Being there

Something I’ve been really working on this week is being there. It sound so obvious, so fundamental to the job of being a mom, but it can be so HARD.

I have been reading about alternatives to “time out” as I’m not really a fan of the concept. One alternative, “time in,” seemed too touchy-feely for me at first, but at the same time I get it: children act out to get our attention and are seeking our guidance in dealing with an emotion; instead of shoving them in a corner, we should take the time to sit and discuss this feeling with them. So, I’ve been giving time in a shot. Tonight, S was extremely over-tired and melting down. Her father was at his wits’ end with bedtime which is usually his domain. I stepped in and held her, and told her I loved her, and had her look me in the eye and tell me what she needed. Yes, there were moments when I wanted to scream and cry myself, and even more where it would have been easy to just say “I’m done” and walk away, but I didn’t. I sat there on the floor of the bathroom and of S’s room and I quelled my urge to give up, and it paid off. Bedtime still took longer than it should have, but I know it look less time than if I’d succumbed to time out or my own urge to simply throw S in the crib and get back to what I was doing.

Bottom line, she never should have been put in the position to get that tired. Hubby should not have let her drag out teeth brushing for as long as he did, and I shouldn’t have called them over to watch an (*amazing*) video of a dog playing the piano. But he did, and I did, and life happened. So, I breathed deep and was there, really there, for 15-20 minutes. And I got her to stop sobbing, and take off her rain boots, and get in bed. It will never cease to amaze me how a few things that should be so simple can become the hardest part of your day. My toddler melted down, and for the first time in a while I didn’t let myself raise my voice or give up. And it worked.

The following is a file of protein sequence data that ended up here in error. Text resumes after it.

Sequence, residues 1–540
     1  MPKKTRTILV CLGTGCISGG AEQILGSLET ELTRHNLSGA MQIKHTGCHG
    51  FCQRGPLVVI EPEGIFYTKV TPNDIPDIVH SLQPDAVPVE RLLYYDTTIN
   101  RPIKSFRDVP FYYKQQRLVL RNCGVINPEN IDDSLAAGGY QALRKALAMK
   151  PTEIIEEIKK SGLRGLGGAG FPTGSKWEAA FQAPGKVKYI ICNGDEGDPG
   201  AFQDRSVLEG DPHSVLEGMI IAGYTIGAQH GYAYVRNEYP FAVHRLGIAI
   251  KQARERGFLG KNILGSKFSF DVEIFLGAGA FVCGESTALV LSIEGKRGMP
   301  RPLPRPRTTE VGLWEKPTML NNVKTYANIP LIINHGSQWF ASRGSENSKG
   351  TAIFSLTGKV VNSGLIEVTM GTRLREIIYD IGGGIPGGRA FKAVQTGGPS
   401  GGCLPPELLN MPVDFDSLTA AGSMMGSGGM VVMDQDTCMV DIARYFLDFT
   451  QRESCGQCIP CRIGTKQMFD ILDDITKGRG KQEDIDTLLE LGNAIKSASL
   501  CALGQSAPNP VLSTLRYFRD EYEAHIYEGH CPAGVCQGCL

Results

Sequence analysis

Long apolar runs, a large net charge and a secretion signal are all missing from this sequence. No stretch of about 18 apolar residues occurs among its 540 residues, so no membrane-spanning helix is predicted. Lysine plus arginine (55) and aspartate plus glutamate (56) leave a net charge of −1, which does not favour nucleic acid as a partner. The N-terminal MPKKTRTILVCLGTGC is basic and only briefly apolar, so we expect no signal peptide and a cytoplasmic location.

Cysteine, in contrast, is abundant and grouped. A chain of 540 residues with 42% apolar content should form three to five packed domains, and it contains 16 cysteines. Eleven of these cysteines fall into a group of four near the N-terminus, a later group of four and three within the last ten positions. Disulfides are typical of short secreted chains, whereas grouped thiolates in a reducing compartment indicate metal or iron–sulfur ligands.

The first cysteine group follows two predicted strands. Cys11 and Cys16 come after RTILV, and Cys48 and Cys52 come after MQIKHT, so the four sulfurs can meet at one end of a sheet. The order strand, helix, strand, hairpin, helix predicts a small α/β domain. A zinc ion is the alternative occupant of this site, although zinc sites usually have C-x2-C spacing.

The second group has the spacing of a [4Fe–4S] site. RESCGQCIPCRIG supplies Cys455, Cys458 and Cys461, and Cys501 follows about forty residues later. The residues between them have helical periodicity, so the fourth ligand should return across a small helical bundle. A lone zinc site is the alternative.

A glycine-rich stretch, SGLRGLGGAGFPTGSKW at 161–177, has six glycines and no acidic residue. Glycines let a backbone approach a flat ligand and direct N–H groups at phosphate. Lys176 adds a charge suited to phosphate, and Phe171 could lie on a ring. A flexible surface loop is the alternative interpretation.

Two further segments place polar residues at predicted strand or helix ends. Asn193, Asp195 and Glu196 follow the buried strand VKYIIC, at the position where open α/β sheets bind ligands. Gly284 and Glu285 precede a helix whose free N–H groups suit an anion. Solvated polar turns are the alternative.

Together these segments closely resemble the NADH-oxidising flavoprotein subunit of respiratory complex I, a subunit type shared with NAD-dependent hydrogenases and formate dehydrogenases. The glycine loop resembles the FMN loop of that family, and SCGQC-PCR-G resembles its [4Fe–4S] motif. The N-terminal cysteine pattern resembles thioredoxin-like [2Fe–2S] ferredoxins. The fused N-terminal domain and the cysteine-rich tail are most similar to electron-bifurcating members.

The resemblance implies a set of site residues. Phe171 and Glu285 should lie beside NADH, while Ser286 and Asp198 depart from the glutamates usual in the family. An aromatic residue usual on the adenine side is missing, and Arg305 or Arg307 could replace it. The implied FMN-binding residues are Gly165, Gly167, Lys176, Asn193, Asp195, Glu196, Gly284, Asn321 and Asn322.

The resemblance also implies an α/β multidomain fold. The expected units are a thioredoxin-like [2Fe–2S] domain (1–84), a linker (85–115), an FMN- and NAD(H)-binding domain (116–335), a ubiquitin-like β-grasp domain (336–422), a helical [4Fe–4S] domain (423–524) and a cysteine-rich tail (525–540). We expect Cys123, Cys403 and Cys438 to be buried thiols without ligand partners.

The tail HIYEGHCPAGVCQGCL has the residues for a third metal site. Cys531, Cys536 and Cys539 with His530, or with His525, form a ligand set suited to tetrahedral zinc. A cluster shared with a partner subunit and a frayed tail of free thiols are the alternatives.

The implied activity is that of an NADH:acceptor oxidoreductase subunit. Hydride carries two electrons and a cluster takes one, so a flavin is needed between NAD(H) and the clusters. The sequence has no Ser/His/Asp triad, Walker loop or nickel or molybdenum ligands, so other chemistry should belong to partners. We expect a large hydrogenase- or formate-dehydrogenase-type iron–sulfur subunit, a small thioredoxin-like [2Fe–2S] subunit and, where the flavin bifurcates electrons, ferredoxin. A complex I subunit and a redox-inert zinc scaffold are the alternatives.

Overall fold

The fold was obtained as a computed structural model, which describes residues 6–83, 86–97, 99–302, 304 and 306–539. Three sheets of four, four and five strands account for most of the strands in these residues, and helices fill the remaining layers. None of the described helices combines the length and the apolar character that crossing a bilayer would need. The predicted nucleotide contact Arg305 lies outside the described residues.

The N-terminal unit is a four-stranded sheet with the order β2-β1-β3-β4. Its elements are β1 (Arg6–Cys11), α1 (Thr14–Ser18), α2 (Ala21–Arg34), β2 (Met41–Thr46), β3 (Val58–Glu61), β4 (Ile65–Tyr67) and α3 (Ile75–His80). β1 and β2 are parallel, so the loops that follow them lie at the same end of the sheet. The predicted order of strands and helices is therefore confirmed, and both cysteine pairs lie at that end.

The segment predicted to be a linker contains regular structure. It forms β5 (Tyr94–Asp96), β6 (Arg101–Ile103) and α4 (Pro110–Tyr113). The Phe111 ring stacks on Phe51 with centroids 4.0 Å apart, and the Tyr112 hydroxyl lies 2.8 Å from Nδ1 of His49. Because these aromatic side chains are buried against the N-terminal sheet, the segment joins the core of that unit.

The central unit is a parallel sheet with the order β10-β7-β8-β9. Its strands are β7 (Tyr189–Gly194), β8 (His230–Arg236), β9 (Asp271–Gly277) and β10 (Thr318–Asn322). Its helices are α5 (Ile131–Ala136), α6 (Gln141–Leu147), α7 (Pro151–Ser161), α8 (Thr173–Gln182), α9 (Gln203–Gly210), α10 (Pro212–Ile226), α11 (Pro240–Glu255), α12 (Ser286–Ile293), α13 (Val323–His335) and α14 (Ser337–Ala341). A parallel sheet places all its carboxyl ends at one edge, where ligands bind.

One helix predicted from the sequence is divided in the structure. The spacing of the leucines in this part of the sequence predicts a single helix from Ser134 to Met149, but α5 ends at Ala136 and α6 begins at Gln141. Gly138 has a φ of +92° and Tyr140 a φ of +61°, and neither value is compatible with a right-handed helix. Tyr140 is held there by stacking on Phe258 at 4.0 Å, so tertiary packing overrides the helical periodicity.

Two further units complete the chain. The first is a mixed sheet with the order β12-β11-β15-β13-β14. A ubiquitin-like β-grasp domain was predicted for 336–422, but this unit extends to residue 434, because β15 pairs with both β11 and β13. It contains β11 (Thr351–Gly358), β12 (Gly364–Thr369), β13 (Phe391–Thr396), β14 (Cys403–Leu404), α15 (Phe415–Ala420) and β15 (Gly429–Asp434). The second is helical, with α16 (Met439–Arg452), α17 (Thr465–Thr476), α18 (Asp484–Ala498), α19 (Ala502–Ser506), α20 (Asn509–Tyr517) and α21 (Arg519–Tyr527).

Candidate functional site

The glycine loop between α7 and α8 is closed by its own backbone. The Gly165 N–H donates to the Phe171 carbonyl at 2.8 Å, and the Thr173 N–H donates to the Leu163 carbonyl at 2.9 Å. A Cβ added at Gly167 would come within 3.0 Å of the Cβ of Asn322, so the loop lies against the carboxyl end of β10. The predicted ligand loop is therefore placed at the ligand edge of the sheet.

I went to the hospital to get my blood drawn today. As the nurse was prepping my arm we were chatting about H (who was strapped onto my chest) and S who was at home with the nanny. I made reference to the fact that I’m done at two and the following conversation ensued:

Nurse: Did you get your tubes tied?
Me: No
Nurse: Then you’re not done!
Me: But, I have an IUD
Nurse: Po-tay-to, po-tah-to, you’re not done.

I smiled. I wonder if she’s right.


On Friday evening, when my husband walks in the door after work, my week is over. I punch out and the kids are his for the weekend. Sure, I still have to breast feed H, and I don’t ignore S when she asks for me to help get her boots on, but I am, for intents and purposes, off duty until Monday morning when hubby leaves for work. It is a glorious feeling, one in which I wish I could bask for a while. Instead, I fall asleep on the couch by 9:30, having barely watched an hour of DVRed TV from the week, having maybe had a sip or two of the glass of wine I’ve poured myself.